Understanding Schizophrenia

Understanding Schizophrenia

Schizophrenia is a severe mental disorder that can be very disabling if not treated properly. Though uncommon, schizophrenia is chronic and can make its victims feel out of touch with the world they live in. It changes the way one feels, thinks, behaves and interacts with those they love. Schizophrenia may seem scary, however, there is hope for those who suffer from it.

Who is vulnerable to schizophrenia?

Schizophrenia can run in the family, however, it doesn’t have to. Some scientists believe that no one single gene causes schizophrenia, but rather a combination of several different genes. It’s also believed that environment could play a crucial role in the development of the disorder. Symptoms of schizophrenia may start in an individual between the ages of 16 and 30.

What are some symptoms of schizophrenia?

There are a variety of symptoms and signs of schizophrenia, falling under three main categories: cognitive, positive and negative.

  • Cognitive symptoms include those that affect how the person makes decisions or how they form memories. They might make poor decisions despite understanding reality, they may have problems with working memory or struggle with paying attention.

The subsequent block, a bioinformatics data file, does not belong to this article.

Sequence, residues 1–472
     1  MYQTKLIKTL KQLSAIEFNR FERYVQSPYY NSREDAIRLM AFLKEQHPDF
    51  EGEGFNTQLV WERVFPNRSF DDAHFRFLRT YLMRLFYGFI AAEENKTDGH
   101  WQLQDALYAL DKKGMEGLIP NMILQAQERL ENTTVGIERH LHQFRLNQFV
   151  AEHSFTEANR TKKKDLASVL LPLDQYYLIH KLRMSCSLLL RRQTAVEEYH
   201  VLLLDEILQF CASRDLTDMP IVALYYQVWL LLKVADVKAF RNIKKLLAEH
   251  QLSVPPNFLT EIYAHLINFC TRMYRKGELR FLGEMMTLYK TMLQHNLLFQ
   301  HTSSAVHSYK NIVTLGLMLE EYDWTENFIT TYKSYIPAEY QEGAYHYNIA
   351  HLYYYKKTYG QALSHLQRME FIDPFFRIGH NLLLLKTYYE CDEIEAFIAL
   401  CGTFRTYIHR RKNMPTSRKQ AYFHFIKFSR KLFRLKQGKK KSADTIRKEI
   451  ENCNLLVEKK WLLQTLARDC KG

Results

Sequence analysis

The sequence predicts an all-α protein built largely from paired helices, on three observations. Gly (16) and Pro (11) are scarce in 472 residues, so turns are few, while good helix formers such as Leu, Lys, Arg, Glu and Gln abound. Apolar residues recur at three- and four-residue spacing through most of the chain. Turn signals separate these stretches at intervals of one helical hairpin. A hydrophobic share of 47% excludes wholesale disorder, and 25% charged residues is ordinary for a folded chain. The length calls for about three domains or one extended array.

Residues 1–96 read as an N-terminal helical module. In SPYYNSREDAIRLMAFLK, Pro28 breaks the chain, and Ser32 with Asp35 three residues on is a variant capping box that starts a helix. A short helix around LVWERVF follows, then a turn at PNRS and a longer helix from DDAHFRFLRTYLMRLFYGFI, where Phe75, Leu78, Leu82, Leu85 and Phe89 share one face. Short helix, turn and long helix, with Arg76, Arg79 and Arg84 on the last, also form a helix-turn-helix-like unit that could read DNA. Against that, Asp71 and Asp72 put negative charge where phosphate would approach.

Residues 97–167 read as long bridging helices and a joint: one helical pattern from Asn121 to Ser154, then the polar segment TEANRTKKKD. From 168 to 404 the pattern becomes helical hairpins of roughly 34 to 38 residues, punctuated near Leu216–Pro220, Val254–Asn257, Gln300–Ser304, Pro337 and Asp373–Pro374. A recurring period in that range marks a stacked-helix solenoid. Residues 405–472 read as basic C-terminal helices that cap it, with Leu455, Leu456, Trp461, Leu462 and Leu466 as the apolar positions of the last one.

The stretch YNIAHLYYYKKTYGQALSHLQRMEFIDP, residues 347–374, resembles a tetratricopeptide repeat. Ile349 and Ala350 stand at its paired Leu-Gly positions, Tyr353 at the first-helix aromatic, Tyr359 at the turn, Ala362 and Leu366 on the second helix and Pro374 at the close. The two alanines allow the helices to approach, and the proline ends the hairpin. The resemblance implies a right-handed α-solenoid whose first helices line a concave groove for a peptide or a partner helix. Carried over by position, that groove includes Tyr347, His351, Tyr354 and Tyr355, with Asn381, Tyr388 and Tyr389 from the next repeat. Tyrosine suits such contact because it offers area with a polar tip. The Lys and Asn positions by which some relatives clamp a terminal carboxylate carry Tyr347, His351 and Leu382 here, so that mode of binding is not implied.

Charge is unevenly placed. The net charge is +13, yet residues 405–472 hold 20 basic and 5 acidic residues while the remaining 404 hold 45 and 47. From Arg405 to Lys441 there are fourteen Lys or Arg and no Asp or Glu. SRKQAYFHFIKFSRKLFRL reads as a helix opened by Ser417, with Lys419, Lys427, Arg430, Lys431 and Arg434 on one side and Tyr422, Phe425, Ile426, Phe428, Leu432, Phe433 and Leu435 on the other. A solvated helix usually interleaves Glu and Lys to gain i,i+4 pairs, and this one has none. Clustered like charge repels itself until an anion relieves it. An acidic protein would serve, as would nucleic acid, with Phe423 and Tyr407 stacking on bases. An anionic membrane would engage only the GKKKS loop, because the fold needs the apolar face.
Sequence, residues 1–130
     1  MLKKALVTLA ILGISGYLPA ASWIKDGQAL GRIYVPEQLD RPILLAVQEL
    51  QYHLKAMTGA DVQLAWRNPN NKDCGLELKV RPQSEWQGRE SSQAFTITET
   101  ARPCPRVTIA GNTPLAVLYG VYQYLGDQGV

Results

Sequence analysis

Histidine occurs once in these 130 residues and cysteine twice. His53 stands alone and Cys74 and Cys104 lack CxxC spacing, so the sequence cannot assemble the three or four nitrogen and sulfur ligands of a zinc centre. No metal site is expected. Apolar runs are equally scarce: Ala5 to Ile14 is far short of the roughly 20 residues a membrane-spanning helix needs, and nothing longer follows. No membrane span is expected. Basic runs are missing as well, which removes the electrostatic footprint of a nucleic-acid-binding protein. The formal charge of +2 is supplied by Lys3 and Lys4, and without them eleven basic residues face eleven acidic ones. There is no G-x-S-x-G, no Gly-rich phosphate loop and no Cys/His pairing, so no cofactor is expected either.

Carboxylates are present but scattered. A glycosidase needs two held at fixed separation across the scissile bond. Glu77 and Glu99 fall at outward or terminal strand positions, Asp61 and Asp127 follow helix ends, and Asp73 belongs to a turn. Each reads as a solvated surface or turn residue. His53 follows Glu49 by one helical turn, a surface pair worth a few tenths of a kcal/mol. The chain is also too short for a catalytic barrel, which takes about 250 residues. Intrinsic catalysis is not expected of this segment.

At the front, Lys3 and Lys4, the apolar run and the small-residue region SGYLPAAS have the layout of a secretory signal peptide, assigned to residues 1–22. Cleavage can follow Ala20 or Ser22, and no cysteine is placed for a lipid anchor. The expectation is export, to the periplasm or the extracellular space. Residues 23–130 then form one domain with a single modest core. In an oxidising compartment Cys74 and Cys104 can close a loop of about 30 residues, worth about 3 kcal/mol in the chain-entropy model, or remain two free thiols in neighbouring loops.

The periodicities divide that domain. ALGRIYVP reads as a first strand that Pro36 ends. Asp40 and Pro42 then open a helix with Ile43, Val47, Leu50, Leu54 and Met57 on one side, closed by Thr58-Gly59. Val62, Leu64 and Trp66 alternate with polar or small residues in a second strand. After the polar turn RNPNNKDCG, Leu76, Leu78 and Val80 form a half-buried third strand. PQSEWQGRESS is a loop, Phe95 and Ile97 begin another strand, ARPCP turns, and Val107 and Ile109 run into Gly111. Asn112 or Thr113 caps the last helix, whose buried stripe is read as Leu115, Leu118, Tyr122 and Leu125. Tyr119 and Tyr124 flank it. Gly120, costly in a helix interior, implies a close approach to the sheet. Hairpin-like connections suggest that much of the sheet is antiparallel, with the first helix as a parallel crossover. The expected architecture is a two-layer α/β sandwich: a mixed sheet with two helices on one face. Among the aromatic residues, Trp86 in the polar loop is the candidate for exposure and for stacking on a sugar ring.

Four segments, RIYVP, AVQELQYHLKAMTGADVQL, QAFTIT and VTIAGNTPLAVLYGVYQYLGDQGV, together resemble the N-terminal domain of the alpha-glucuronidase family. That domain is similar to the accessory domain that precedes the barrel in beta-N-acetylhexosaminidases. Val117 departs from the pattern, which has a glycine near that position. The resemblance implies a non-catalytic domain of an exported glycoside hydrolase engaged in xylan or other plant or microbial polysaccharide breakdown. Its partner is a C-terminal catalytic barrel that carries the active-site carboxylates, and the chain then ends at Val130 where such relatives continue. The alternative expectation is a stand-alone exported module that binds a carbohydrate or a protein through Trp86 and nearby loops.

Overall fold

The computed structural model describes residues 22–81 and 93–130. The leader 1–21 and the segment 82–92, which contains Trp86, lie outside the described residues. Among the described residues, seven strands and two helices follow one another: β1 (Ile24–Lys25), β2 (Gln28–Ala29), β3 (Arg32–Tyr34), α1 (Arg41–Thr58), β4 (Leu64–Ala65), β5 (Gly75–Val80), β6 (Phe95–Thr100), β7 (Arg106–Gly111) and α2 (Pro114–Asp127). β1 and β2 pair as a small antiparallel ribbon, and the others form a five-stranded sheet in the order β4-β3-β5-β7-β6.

• Positive symptoms include behaviors that are not typically seen in average, healthy people. These symptoms relate to the “lost touch” that is so often associated with victims of schizophrenia. These might include dysfunctional thoughts, delusions, hallucinations or odd movements.
  • Negative symptoms include those that show trouble with emotions. They may not speak much or find it difficult to complete activities they used to find fun. They may also lack emotions in their reactions, facial expressions or tone of voice.

Advantage Mental Health Center offers treatment options for patients with schizophrenia that have been proven to be successful with many patients. Unlike other centers, Advantage offers medication, therapy and a strong support network in order to help those who suffer from schizophrenia have the tools they need to control their disorder, manage their symptoms and provide them with the independence and hope they deserve.